E-DRUG: Literature Review on pharmaceutical workforce
A couple of months ago I posted a message on e-drug asking for information
on the pharmaceutical workforce in sub-Saharan Africa for my Master Thesis.
You will find below the executive summary of the finalized paper. Please
feel free to contact me at email@example.com if you are interested in
the whole paper. I will be happy to send it to you as pdf-file.
c/o Ecumenical Pharmaceutical Network EPN
Musa Gitau Road
P.O.Box 73860 - 00200
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Distribution of and Possible Retention-Strategies for Pharmacists and
Other Pharmaceutical Cadres in the Public and Private-Not-For-Profit
Sector. A literature review with focus on sub-Saharan Africa.
Master's thesis submitted to the Charité Universitätsmedizin Berlin,
Freie Universität and Humboldt Universität Berlin in partial fulfilment
of the requirements for the award of a Master of Science Degree in
Pharmacists are the third largest group of health workers (FIP, 2006)
and play an important role within the health system with regard to
access to essential medicines, rational use of drugs and the provision
of high quality pharmaceuticals for the population. In line with these
aspects, the traditional pharmacist's role has changed toward a role
that increasingly focuses on pharmaceutical care (Awad et al., 2006).
Despite the global health workforce crisis, publications in reference to
the pharmaceutical workforce hardly exist.
This literature review aims at describing the workforce imbalances of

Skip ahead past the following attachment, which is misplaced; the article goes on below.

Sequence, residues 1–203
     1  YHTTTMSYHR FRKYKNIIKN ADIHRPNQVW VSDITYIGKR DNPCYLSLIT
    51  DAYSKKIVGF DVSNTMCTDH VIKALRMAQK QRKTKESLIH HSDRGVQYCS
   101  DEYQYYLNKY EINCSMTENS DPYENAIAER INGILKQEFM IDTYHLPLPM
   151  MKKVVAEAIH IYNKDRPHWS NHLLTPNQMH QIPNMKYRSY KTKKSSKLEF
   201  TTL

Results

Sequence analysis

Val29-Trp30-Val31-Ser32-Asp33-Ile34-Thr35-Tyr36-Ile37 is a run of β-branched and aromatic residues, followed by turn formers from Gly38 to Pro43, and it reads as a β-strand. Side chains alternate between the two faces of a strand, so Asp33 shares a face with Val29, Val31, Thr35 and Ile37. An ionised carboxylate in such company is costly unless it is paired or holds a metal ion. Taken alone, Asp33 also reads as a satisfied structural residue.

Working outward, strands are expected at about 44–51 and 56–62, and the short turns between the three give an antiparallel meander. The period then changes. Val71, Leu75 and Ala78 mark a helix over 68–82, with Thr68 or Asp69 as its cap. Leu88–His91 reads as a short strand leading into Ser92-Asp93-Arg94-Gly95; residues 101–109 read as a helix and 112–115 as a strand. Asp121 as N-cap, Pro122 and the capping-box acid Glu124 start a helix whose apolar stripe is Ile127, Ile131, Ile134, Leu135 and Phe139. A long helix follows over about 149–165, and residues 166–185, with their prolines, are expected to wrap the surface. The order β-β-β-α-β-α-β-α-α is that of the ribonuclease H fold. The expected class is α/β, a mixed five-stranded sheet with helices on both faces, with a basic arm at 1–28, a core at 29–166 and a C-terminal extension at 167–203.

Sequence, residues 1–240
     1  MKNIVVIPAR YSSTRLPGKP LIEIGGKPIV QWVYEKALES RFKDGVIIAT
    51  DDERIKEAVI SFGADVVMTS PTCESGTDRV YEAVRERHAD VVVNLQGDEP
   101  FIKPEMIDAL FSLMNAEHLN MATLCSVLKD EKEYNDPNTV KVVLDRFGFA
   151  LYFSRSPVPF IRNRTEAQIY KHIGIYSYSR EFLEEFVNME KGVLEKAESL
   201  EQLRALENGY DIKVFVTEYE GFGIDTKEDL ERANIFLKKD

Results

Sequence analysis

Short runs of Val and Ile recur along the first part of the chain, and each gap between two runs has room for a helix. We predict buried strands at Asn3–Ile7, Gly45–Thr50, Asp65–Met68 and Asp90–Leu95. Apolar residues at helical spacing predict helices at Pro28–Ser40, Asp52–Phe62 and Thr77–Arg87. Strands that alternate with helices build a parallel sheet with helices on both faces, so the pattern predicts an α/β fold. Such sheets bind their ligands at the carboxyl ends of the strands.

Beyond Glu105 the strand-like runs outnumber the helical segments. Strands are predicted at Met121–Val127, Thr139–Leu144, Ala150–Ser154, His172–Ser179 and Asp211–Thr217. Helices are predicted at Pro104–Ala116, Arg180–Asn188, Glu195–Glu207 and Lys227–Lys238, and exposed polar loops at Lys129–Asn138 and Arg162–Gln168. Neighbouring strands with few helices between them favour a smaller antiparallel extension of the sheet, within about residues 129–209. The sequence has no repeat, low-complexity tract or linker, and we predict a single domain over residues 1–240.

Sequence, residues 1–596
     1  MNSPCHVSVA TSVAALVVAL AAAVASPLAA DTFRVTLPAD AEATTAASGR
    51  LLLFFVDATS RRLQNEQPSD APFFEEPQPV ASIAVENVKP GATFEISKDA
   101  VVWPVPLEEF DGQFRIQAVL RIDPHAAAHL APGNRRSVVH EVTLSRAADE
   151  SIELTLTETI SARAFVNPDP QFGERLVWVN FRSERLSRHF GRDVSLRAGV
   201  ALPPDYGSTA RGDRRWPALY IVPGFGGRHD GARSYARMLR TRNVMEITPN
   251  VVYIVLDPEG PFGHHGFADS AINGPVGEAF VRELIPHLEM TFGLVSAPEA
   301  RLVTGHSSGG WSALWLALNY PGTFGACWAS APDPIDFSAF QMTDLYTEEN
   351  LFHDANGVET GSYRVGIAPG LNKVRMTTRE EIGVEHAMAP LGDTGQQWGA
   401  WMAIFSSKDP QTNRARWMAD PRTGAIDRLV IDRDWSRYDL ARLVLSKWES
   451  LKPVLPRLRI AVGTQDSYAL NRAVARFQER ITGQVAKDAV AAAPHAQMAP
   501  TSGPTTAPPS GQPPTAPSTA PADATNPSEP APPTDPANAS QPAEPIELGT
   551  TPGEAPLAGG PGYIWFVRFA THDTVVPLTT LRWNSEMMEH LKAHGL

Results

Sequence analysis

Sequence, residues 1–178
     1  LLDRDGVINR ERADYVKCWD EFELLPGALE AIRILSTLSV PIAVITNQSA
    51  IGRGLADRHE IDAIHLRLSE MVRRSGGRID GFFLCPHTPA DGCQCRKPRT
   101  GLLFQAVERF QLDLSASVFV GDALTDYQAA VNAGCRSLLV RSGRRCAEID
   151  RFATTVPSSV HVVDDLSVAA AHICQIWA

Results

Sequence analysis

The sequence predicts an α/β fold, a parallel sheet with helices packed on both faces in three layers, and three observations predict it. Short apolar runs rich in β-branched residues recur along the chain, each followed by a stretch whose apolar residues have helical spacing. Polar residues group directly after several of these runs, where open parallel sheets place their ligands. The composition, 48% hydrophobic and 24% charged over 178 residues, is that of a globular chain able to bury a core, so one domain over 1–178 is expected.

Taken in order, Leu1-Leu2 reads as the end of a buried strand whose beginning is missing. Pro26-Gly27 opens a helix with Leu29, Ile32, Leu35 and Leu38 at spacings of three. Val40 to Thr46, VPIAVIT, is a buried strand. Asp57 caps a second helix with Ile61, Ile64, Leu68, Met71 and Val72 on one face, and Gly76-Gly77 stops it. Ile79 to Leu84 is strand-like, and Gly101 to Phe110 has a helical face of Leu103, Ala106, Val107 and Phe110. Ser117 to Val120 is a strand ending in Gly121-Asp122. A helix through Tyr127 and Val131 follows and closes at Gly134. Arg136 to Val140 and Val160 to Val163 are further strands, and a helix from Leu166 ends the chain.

pharmacists and other pharmaceutical cadres in the public/not-for-profit
sector in sub-Saharan Africa and at assessing underlying factors and
proposed strategies to improve distribution and retention. The review
takes account of the changed professional role of pharmacists and
relates it to the workforce issues.
Due to the limited number of publications on the pharmaceutical
workforce, the review includes peer-reviewed articles as well as grey
The results illustrate characteristics of the pharmaceutical workforce.
Furthermore, factors contributing to the crisis and opinions of
pharmacists and pharmacy students concerning job satisfaction, retention
and migration are discussed.
This review shows clearly that the pharmacists' workforce is
experiencing a crisis similar to that of the overall health workforce
with comparable factors leading to the crisis. However, this review
reveals exceptional points which highlight the need of strategies to
improve the workforce situation being adapted to the pharmaceutical
First, lower level pharmaceutical cadres have been neglected and many
countries lack even national regulations on these workers. Yet, skill
balance is important for a well-functioning workforce as it facilitates
the delegation of tasks and saves scarce resources. Secondly,
pharmacists frequently reported to not being appreciated within the
health system and to facing difficulties concerning their professional
role. This resulted in frustration. A study by Viberg et al. (2007)
revealed that even among pharmacists diverse perceptions of their own
role existed. This underlines the need to not only clearly define the
role of pharmacists, but also to promote it among pharmacists
themselves, other health professionals and the population. Thirdly, the
review demonstrates that in contrast to other health workers the
majority of pharmacists are employed within the private sector. This
implies the possibility to minimise the shortage of pharmacists by the
outsourcing of services from the public to private sector pharmacists.
Finally, the importance of training of the pharmaceutical workforce in
reference to the described issues is illustrated.
This review not only offers an insight into the issue of the
pharmaceutical workforce and unique starting points to minimise the
workforce crisis, but also asks for regulations that ensure the proper
functioning of a well-balanced pharmaceutical workforce and underlines
the urgency of further research.